Rossello v. Zurich American Insurance Co.

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Justia Opinion Summary

In this case brought against an insurer in Plaintiff's attempt to collect on a judgment in his favor in a strict liability and negligent failure to warn action, the Court of Appeals held that damages from a continuous bodily injury judgment must be allocated on a pro rata, time-on-the-risk basis across all insured and insurable periods triggered by Plaintiff's injuries.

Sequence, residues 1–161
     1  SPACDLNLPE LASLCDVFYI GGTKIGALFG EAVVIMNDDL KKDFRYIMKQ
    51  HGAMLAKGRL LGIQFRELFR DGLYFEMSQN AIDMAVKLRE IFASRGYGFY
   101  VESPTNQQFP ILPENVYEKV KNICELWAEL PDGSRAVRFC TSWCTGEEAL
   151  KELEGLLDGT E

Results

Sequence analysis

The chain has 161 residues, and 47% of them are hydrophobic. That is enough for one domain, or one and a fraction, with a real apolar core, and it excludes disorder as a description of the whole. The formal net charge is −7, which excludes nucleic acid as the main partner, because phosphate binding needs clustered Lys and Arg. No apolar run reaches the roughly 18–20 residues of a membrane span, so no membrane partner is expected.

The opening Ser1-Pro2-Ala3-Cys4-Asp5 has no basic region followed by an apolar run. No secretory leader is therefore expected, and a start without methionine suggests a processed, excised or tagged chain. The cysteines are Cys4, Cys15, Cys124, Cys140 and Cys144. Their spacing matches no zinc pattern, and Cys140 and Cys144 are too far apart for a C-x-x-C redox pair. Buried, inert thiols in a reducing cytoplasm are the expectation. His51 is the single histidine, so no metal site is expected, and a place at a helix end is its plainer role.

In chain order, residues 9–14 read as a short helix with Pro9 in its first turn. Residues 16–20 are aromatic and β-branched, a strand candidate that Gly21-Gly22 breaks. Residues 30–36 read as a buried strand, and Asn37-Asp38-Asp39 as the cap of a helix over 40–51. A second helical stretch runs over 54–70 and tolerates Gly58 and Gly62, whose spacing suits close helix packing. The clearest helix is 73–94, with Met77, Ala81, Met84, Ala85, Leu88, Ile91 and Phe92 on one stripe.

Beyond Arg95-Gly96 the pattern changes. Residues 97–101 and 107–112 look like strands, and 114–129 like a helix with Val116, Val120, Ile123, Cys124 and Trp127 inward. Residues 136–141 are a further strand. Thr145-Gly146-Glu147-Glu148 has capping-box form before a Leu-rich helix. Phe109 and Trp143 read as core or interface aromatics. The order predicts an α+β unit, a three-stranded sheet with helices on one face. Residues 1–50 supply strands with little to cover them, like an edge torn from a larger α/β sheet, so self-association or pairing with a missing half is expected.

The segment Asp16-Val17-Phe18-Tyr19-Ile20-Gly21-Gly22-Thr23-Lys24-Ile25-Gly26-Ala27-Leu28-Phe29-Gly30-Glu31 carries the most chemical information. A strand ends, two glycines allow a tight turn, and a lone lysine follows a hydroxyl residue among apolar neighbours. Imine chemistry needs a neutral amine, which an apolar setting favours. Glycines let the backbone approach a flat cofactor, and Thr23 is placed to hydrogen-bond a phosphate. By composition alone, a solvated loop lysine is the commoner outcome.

Almost forty years after exposure to asbestos at his place of work, Plaintiff was diagnosed with mesothelioma. Plaintiff won a nearly $2.7 million judgment against the asbestos installer. Plaintiff then initiated garnishment proceedings against Defendant as insurer of the asbestos installer. At issue before the circuit court was how to allocate loss among various trigger insurance policies because the installer was only insured by Defendant from 1974 to 1977 through four comprehensive general liability policies. The circuit court concluded that Plaintiff's damages must be allocated on a pro rata, time-on-the risk basis across all insured and insurable periods triggered by Plaintiff's injuries. The Supreme Court affirmed, holding that the circuit court properly applied the pro rata allocation approach rather than a joint-and-several approach that would have required the insurer to cover the entire judgment.